Speeding case against Coast Guard volunteer struck out

Speeding case against Coast Guard volunteer struck out


Photo: © Pat Flynn 2017

A charge of speeding against and Irish Coast Guard volunteer responding to an emergency call-out in an official vehicle has been struck out by a court in Co Tipperary.

At Nenagh District Court today, deputy officer-in-charge with Killaloe Coast Guard unit Mr Damien Madden, explained how he was responding to a vessel in difficulty at Shannonbridge in Co Offaly when he was detected by a speed van.

The incident, which occurred on July 26th last, happened over 80 kilometres from Killaloe Coast Guard’s base in Co Clare.

Mr Madden had to leave work in Limerick and make his way to the Coast Guard station in Killaloe to collect an emergency vehicle. He explained how it would take him almost two hours to reach the scene after leaving work. He also said the Killaloe unit was only resource that could transport a boat by trailer to launch near the scene.

GoSafe operative Mr Gerard O’Brien outlined how he detected Mr Madden’s vehicle at 1.34pm on the N52 at Ardcroney in Co Tipperary. He said Mr Madden’s Coast Guard vehicle  was detected driving at 71khm in a 50kmh zone.

Mr Madded also explained how he was the only officer and coxswain available to helm the rescue boat on the day. He said remembered it was a warm day and that “there was no other traffic, the road was clear.”

He explained that when the received the fixed charged notice (FCN) he wrote to the fixed charge processing office in Thurles Co Tipperary to explain the circumstances. He was told however that the ticket would not be cancelled as there was “no risk to life” associated with the call he was responding to.

Photo: © Pat Flynn 2017

Mr Madden opted to challenge the matter in court instead.

He told Judge Elizabeth MacGrath that while he was responding to the 999 call he didn’t know all the circumstances. Mr Madden said he was informed by the Coast Guard coordination centre in Valentia that there was a boat aground and there was a man on board. He said he had no information on whether the boat was damaged, had a hole in it or anything else about the incident.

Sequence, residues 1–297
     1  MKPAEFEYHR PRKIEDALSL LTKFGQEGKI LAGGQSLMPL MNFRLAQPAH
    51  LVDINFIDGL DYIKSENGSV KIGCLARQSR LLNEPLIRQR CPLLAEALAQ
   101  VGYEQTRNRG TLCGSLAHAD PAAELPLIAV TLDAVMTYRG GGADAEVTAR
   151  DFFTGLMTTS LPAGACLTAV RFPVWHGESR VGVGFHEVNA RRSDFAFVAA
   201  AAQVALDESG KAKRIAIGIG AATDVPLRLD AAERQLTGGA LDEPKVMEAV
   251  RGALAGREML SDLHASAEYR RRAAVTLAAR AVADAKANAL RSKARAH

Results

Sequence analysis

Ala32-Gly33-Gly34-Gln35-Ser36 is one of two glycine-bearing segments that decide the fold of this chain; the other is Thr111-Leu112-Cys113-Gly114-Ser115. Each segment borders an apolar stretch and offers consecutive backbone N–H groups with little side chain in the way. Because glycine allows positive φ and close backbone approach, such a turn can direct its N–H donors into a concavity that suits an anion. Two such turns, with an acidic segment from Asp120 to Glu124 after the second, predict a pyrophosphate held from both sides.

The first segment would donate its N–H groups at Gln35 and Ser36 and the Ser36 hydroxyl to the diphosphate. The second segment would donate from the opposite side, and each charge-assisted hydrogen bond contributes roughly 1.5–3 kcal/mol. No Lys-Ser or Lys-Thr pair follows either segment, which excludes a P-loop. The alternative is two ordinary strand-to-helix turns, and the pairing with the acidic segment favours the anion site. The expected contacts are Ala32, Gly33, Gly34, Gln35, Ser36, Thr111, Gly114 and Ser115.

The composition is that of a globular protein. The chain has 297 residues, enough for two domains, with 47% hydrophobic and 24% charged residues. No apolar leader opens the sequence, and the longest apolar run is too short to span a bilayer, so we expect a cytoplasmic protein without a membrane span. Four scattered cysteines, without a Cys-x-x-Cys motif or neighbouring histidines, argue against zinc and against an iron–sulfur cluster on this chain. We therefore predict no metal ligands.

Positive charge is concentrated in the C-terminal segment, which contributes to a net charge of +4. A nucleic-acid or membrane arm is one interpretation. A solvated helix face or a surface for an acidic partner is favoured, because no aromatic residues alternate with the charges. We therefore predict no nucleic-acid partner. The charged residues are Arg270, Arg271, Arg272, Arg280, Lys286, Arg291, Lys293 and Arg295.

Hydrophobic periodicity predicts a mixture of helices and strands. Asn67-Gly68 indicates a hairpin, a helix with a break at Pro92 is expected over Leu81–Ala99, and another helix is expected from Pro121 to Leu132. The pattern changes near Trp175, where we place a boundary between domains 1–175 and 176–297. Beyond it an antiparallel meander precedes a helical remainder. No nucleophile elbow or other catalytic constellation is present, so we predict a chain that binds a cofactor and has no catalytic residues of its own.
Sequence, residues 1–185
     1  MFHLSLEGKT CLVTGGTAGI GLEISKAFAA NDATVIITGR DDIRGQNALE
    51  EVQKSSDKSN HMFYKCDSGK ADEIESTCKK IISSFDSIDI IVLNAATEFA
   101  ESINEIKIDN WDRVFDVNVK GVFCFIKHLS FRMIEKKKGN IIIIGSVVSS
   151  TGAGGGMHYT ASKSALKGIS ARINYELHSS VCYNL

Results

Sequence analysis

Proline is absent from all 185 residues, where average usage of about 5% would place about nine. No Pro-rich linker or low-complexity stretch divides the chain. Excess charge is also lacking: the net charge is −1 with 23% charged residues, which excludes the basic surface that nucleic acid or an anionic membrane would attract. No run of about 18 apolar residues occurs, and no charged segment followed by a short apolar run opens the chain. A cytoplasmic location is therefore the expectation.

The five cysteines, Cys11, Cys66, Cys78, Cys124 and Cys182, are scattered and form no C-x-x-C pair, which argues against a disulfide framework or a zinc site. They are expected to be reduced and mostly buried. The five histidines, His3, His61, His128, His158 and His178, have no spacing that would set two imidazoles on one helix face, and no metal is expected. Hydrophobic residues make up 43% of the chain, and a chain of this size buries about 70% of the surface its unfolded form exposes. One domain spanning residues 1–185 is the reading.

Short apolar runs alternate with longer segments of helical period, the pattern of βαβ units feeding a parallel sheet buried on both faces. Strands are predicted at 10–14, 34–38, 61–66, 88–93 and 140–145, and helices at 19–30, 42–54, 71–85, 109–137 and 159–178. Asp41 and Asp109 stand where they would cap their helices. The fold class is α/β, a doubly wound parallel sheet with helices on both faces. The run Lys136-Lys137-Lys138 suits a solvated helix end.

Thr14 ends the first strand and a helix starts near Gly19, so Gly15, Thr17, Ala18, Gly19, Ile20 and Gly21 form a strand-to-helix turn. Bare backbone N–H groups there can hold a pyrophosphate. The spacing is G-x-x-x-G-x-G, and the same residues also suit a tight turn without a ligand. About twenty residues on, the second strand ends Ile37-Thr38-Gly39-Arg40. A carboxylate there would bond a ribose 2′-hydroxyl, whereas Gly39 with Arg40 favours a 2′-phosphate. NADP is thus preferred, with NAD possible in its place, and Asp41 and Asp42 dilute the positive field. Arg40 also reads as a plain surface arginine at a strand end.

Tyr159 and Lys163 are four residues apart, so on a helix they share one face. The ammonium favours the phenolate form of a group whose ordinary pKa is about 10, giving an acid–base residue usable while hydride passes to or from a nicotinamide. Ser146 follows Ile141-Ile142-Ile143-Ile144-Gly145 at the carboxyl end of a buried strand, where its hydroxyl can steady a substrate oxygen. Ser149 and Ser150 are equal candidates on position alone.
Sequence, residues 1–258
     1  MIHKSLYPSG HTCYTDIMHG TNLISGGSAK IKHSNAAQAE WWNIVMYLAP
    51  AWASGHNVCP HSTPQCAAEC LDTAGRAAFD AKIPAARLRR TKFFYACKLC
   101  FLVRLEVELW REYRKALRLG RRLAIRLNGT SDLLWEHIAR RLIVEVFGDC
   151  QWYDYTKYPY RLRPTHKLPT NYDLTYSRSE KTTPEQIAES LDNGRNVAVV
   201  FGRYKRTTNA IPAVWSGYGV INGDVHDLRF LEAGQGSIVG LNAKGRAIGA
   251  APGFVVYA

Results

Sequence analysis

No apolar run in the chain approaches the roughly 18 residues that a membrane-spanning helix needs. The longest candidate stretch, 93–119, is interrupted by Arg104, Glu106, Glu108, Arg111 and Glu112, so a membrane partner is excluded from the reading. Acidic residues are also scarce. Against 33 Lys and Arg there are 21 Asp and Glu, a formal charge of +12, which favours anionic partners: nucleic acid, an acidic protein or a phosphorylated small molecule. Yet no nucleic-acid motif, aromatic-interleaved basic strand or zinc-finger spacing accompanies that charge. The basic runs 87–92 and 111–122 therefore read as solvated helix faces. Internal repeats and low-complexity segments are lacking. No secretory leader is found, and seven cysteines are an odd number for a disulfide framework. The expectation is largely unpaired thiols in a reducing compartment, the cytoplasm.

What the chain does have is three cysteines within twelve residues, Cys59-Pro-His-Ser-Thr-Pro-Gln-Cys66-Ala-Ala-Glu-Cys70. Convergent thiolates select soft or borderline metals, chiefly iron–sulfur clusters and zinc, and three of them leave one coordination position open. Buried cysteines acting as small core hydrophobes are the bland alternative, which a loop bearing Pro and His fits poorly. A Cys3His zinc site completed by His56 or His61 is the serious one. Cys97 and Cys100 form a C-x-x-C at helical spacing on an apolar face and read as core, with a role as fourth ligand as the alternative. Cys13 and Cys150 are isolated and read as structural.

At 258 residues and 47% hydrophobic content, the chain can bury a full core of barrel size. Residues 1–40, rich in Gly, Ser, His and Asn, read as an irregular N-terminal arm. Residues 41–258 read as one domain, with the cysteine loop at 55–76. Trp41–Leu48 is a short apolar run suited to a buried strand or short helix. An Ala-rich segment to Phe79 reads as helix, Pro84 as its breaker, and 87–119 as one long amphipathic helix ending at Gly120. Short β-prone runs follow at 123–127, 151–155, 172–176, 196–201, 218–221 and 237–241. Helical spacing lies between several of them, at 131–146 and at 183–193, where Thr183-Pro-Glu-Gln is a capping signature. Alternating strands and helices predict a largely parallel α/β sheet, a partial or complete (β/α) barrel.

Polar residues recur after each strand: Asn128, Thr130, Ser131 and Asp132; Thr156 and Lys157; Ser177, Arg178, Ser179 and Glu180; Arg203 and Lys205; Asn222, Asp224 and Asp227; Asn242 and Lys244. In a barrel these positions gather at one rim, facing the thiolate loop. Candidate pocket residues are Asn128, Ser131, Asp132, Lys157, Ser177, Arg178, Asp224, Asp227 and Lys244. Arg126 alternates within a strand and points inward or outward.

He said the circumstances at the scene, including the weather, could have changed at any time.

He also told the court the Coast Guard had responded to a similar call a week later that was more serious than reported. After being told there was a boat aground, on arrival at the scene Coast Guard volunteers found that two adults and two children had been thrown from the vessel.

After listening to Mr Madden’s evidence and stating, as far as she knew, the Coast Guard was not exempt from the speed limit while responding to emergency calls, Judge MacGrath decided to strike out the case.

Chief Reporter Pat Flynn has worked as a journalist for almost 30 years. His career began during the late 1980s when, like many aspiring radio presenters of the time, he worked for local pirate radio stations in Clare and Limerick. Pat joined Clare FM in 1990 where he worked as researcher initially and later presented several different programmes including the station's flagship current affairs programme. He was also the station's News Editor and Deputy Controller of Programmes. Despite leaving in 2003 to pursue a career as a freelance journalist, he continues to work with the station to this day. As well as being the Clare Herald’s Chief Reporter Pat is also freelance journalist and broadcaster, contributing to Ireland’s national newspapers and is a regular contributor to national broadcasters.